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12 October 2018, 00:12 | Updated: 12 October 2018, 00:36
As the longest reigning monarch in the world's history, Queen Elizabeth II has witness a changing world since 1952.
Queen Elizabeth II has reigned over the Commonwealth for 66 years, making her the world's longest-reigning monarch.
The 92-year-old has seen the world change during her time as Queen, and that's had a impact on her powers, known as The Royal Prerogative.
What the ruling King or Queen of the UK used to do is now carried out by ministers on their behalf.
It's worth noting that while a lot of the Queen's powers go rarely used, they remain vitally important with Royal News explaining: "they remain a means of protecting democracy in this country ensuring that no one can simply seize power."
She can travel without a passport
With the Royal Arms emblazoned on the front of all UK passports, it's no surprise that the Sovereign doesn't need to carry one while travelling abroad.
And let's face it, it's unlikely you'd ever bump into Her Majesty while at the immigration queue in the airport.
Her website reads: "As a British passport is issued in the name of Her Majesty, it is unnecessary for The Queen to possess one. All other members of the Royal Family, including The Duke of Edinburgh and The Prince of Wales, have passports."
She doesn't need a driving licence
While rarely seen driving herself in public, The Queen is the only person in the United Kingdom who can drive without either a valid licence or registration plates.
The 92-year-old is thought to still drive herself around her private estates and she's had decades of experience after first developing her motoring skills during the Second World War when she joined the Women's Auxiliary Territorial Service as an 18-year-old Princess.
She is above the law
It's written in to UK law that The Queen cannot be prosecuted and as she in theory IS the law, it's impossible for her to break it.
That said, it's unlikely the Queen would ever have the desire - or opportunity - to commit a crime.
The official Royal website explains: "Although civil and criminal proceedings cannot be taken against the Sovereign as a person under UK law, The Queen is careful to ensure that all her activities in her personal capacity are carried out in strict accordance with the law."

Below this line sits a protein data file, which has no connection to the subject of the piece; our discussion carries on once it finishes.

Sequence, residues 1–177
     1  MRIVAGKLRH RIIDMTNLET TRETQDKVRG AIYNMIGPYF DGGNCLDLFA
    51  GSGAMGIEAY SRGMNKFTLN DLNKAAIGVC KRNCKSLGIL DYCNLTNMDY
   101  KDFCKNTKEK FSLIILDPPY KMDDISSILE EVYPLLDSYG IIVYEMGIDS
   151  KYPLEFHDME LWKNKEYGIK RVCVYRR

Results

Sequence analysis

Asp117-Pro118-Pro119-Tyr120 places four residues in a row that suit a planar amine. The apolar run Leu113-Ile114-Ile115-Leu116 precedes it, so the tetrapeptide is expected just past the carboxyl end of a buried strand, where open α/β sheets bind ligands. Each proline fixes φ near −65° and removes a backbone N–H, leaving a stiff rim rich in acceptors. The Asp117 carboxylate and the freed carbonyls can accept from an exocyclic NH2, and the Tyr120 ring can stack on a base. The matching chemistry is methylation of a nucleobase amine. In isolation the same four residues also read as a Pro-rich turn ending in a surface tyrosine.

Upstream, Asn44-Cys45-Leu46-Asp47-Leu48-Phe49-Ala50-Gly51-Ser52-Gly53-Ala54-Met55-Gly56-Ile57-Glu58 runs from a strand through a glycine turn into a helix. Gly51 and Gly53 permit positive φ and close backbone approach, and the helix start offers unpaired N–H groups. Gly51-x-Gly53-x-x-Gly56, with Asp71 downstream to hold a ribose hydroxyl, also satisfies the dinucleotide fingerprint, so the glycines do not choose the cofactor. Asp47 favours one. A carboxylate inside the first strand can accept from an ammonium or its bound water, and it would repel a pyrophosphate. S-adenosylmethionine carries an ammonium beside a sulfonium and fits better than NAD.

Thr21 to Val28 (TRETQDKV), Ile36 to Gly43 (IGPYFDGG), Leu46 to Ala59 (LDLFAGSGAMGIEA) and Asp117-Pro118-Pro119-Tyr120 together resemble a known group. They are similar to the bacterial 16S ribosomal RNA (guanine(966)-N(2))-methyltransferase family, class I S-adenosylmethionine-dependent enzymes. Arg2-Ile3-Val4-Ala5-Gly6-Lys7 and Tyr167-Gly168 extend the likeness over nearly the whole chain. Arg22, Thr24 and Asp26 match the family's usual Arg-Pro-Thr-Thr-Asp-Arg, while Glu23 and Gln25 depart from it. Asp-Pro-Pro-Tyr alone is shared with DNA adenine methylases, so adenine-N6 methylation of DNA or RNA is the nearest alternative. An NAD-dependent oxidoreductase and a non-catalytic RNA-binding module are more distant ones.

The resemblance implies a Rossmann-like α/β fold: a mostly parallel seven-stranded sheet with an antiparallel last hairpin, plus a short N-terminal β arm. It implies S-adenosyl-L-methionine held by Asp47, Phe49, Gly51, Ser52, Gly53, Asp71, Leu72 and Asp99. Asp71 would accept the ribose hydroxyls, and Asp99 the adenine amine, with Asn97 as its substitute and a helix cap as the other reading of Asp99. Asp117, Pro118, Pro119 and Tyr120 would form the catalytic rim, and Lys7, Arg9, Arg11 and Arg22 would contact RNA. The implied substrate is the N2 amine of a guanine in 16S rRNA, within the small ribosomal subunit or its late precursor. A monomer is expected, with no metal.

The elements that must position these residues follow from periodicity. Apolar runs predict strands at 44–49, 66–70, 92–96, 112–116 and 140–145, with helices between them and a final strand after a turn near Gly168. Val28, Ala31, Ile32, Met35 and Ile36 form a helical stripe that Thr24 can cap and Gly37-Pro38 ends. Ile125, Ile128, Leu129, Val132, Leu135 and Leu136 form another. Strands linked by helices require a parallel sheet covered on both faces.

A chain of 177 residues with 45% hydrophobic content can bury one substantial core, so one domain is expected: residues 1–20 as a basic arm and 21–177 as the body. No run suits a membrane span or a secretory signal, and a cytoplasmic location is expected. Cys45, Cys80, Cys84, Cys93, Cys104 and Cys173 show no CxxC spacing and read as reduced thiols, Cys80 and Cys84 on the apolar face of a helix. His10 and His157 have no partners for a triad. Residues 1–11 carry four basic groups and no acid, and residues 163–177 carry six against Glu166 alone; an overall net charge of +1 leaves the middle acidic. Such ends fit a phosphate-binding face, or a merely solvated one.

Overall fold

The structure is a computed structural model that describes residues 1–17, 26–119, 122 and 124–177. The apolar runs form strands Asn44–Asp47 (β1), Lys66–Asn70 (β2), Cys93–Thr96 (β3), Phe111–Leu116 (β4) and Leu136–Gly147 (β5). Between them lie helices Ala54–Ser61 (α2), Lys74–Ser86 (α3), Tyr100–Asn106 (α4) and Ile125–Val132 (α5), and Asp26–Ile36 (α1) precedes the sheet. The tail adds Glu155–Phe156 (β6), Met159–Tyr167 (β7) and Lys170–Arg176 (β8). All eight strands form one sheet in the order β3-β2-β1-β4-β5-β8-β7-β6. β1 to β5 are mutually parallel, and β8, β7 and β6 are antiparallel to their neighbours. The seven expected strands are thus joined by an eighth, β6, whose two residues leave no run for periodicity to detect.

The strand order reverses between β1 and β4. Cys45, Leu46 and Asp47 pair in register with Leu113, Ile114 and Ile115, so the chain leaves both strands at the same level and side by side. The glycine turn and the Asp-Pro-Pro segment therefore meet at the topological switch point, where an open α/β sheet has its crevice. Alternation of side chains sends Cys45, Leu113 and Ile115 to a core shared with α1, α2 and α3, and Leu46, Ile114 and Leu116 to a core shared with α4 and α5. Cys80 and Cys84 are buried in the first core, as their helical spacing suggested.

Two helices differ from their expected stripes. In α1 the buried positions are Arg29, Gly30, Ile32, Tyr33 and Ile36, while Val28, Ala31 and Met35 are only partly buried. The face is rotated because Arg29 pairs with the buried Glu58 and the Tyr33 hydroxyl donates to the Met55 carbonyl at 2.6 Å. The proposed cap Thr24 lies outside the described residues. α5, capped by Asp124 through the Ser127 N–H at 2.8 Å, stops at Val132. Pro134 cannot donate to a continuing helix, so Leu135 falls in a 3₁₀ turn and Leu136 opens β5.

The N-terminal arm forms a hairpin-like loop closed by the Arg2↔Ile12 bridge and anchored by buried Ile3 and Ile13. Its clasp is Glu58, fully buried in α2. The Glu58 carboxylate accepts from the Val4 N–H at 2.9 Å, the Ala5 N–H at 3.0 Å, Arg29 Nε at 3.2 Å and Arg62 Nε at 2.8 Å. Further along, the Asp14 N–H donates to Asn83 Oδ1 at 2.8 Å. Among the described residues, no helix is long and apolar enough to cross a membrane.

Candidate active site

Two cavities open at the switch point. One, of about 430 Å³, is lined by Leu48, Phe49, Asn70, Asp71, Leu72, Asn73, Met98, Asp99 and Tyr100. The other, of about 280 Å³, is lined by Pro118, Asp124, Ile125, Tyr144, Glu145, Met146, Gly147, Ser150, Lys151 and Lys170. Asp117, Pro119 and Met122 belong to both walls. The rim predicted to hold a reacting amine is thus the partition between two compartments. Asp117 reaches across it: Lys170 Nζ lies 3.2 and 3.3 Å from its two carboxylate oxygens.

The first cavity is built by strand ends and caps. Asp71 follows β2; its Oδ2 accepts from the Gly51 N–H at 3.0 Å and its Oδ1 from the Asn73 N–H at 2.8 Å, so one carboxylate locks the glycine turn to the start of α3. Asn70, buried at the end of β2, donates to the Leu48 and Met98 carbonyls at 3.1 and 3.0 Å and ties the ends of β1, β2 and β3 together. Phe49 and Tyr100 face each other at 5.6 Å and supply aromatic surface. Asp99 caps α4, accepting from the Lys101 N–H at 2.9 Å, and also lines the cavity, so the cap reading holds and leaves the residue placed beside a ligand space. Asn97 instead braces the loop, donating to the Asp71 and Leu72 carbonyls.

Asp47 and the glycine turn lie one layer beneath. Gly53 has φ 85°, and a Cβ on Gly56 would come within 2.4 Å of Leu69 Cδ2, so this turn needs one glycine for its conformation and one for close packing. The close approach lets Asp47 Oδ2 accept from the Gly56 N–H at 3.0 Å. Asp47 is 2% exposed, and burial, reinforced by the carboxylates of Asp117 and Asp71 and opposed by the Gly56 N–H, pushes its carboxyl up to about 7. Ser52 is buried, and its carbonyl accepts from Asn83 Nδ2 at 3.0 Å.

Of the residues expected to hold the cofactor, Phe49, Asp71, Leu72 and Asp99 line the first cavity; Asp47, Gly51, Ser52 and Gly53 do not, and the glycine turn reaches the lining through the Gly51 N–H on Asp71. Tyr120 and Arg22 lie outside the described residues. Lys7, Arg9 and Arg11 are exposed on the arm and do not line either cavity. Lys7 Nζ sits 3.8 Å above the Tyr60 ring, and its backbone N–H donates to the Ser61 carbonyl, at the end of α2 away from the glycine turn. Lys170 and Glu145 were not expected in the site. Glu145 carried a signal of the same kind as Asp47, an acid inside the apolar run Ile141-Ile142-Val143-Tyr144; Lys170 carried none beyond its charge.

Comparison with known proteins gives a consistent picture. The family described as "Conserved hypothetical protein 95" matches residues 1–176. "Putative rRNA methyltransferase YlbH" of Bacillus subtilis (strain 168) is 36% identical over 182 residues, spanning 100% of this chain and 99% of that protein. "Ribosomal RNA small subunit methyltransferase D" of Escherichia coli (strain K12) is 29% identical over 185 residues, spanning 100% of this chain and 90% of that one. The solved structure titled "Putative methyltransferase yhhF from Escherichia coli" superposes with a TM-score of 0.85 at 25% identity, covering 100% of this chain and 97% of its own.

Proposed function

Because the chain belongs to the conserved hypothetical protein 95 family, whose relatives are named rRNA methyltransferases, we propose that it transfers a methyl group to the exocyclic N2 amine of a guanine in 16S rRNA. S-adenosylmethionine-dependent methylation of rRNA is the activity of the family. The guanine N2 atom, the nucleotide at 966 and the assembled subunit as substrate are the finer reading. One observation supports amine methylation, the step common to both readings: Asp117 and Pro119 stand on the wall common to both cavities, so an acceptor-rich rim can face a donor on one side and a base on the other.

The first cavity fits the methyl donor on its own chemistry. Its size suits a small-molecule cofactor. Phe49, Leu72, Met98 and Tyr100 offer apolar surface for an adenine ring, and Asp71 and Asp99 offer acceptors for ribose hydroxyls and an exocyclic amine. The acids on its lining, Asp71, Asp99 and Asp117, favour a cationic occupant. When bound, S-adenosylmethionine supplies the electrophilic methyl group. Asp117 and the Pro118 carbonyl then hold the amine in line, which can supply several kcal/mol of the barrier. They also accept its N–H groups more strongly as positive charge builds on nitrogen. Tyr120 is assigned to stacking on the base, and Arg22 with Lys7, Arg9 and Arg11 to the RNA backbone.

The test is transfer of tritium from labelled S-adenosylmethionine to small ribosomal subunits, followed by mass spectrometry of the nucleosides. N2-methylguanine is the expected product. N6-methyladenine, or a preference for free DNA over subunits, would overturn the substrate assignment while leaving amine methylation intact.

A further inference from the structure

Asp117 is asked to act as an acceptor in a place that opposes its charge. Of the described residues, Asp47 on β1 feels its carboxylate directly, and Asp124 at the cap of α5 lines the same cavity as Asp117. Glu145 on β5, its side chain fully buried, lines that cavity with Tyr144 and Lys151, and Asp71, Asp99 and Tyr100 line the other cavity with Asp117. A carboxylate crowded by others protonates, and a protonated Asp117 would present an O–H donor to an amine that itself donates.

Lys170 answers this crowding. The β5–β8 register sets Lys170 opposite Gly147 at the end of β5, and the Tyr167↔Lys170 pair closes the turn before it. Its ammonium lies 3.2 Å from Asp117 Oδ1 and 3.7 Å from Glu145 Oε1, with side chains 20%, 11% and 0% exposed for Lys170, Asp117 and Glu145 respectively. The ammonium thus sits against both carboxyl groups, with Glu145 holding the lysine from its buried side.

Appointing the Prime Minister
The Queen is responsible for appointing the Prime Minister following a general election or resignation of a currently serving Prime Minister.
In a general election, she will typically appoint whoever the candidate is that has the majority support of voters and the House of Commons.
In the rare case of a resignation, The Queen will consult a team of advisers on who should be the successor to the role of Prime Minister.
Declaration of War
Another power that's turned to a more ceremonial direction, in theory the Queen retains the power to declare war against other countries, but in actual practice any sort of decision would be carried out by the serving Prime Minister and Parliament.
She CAN vote
It's long been rumoured that the Queen isn't allowed to vote for the government - which she then appoints herself.
But the reality is that she can legally vote in elections, but is thought to choose not to.
She can veto any bill passed through Parliament
After a bill passes successfully through the two British houses of Parliament, The Queen is responsible for signing them into law.
Although in theory she has the power to veto any law she doesn't agree with, the last British monarch to do so was Queen Anne in 1708.
She is The Queen of swans
Another law that's existed from medieval times, the reigning monarch "retains the right to claim ownership of any unmarked mute swan swimming in open waters," according to the official Royal website.